The Fairness in Class Action Litigation Act Anything but Fair

Yarelyn Mena and Owen H. Laird, Esq.

At a hearing on April 29, 2015, the House Subcommittee on the Constitution and Civil Justice discussed class action suits. The hearing covered the controversial legislation, “The Fairness in Class Action Litigation Act of 2015” (H.R. 1927). Republican committee members, Bob Goodlatte and Trent Franks proposed the legislation, which would prevent class actions from being certified without proof that each proposed class member suffered property or bodily injury of the same type and extent as the named class representative(s).

Opposition to H.R. 1927 flooded in shortly after the hearing. Paul Bland, Executive Director of Public Justice said that the legislation would make it “essentially impossible for Americans to join together in bringing class action lawsuits for nearly any illegal act a corporation might undertake.” Bland continued: “Think Brown v. Board of Education [the seminal case desegregating public schools] was a good idea? Congressman Goodlatte’s bill would make bringing that case impossible. By eliminating any class action that does not involve quantifiable ‘property’ loss or personal injury, the legislation would eliminate any case that didn’t involve money or blood.” Many fundamental class action lawsuits, such as Brown, that have affected the course of our legal history, would not have been possible under the proposed legislation. Class action lawsuits in federal court are often classified as ‘no-injury’ or ‘overbroad’ in situations where a plaintiff experienced an issue with a product or service, and others who also have purchased the product or service join the action. Cases with similar circumstances would never make it to litigation if adhering to H.R. 1927’s provisions.

Corporations would be the chief beneficiaries of the enactment of H.R. 1927. This legislation stands to limit the number and scope of potential lawsuits against them, on behalf of both employees and consumers, by making it difficult for plaintiffs to join together to file a lawsuit. Individuals, unable to unite, and faced with a lengthy litigation and extensive legal costs which often outstrip the damages asserted, will elect not to assert their rights. This dangerous consequence would allow for illegal actions to go unchecked by the legal system, as individuals are continuously violated of their rights until they pass the hurdles H.R. 1927 creates to develop a class action suit.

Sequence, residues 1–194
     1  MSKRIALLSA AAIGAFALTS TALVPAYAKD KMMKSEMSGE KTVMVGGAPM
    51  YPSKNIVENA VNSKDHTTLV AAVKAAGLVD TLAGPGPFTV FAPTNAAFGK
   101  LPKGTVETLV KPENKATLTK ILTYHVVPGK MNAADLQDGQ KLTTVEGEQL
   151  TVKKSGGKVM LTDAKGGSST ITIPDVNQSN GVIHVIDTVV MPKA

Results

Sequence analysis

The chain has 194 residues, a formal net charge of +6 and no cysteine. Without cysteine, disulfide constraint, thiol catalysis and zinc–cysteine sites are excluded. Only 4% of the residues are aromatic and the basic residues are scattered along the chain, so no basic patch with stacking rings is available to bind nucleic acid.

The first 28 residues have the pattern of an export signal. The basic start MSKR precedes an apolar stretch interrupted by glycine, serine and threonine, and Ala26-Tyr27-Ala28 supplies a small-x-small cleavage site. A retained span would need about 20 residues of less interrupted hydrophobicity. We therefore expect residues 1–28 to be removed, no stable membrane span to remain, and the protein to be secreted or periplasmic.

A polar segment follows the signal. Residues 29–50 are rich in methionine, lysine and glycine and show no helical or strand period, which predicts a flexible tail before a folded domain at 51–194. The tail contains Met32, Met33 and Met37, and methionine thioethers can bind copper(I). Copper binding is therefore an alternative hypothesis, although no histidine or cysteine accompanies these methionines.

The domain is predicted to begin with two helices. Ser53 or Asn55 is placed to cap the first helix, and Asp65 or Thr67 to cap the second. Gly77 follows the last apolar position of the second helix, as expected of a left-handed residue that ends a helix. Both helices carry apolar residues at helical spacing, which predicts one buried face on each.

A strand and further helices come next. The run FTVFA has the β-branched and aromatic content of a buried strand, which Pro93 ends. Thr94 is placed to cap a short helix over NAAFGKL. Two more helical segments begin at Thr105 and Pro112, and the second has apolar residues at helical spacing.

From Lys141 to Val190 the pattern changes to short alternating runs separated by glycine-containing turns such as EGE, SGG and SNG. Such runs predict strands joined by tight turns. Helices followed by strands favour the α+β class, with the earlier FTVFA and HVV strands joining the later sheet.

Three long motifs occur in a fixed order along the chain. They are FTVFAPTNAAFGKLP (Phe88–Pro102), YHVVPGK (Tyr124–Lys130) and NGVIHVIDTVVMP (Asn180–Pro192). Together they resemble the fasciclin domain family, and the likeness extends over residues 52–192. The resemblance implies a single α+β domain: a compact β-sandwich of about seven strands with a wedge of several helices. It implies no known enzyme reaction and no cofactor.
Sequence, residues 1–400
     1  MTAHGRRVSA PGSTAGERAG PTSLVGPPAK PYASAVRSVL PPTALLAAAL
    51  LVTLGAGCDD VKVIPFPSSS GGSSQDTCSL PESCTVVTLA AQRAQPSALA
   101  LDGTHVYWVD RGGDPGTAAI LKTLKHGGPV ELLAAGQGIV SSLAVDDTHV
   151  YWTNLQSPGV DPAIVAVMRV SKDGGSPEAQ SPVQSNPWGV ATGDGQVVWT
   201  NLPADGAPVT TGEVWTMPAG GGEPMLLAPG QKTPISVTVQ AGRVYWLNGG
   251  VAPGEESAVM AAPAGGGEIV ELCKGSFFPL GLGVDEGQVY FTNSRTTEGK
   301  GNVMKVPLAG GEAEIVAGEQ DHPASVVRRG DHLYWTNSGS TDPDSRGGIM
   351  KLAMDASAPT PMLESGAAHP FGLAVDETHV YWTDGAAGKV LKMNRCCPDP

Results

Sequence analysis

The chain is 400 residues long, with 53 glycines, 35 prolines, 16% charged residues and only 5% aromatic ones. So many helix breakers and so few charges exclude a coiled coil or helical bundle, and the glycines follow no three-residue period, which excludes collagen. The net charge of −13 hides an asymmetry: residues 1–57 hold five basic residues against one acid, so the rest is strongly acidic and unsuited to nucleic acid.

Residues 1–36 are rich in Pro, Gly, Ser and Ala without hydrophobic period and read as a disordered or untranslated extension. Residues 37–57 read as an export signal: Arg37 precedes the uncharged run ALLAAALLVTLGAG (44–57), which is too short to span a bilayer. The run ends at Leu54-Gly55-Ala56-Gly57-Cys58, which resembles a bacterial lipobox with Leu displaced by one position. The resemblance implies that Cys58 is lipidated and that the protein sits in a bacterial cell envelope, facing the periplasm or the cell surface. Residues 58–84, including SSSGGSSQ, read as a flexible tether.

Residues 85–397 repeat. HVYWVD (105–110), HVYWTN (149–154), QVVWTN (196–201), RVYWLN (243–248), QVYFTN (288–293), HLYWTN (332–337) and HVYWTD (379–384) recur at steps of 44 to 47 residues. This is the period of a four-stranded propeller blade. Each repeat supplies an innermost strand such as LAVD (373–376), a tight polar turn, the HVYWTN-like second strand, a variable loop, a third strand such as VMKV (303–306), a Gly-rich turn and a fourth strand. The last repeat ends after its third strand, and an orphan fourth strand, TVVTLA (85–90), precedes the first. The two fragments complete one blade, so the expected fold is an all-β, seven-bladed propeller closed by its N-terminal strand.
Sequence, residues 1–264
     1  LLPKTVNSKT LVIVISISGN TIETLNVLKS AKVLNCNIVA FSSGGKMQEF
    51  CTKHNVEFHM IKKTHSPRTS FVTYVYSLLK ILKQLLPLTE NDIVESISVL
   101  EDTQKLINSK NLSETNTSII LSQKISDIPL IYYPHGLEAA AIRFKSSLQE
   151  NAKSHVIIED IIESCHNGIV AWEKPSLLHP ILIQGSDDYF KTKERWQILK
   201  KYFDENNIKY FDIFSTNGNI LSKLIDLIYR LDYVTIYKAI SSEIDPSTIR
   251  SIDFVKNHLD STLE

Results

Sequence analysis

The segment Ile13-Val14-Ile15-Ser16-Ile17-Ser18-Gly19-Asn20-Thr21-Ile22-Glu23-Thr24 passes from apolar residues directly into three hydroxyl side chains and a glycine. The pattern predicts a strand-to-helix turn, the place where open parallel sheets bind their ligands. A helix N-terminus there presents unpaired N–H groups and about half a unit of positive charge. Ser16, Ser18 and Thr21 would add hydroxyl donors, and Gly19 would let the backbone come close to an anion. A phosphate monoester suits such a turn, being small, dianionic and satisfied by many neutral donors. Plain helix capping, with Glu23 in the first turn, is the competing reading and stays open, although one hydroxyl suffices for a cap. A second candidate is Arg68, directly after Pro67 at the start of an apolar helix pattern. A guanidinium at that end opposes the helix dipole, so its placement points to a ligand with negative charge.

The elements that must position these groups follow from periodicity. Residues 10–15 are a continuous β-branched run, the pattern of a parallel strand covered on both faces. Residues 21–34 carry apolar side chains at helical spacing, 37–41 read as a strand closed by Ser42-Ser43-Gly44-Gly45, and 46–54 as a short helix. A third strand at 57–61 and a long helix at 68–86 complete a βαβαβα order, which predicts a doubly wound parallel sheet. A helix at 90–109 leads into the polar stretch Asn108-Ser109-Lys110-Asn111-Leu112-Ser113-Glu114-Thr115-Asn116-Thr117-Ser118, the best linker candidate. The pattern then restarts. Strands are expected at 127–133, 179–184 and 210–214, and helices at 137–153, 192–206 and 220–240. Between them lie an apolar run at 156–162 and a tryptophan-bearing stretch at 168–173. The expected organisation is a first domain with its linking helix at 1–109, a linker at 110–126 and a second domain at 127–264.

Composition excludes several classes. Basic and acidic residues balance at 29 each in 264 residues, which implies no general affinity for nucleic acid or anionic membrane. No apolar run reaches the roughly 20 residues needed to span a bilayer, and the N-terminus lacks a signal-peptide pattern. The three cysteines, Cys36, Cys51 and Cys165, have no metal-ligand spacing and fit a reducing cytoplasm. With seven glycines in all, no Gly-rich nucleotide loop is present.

The purpose of class actions is to allow for individuals to act as a group to take action against widespread illegal conduct. This is especially true of employment cases where many employees are unaware that they are being wronged until another employee brings a lawsuit based on an illegal action that also pertains to them. Moreover, many employees who are afraid to pursue action individually, are willing to pursue their rights as a member of a group. A class action gives them the potential to receive compensation for any wrongs. Alexandra D. Lahav, professor at the University of Connecticut School of Law, articulates: “H.R. 1927 would not improve class action practice or cure the problems that exist in that practice. Instead, under this bill companies would have an unfettered ability to lie about their products and services, discriminate against employees, defraud customers and business partners, and commit a host of other violations in the law, subject only to sporadic government enforcement.”

If you believe your employer violated your employment rights, please contact The Harman Firm, LLP.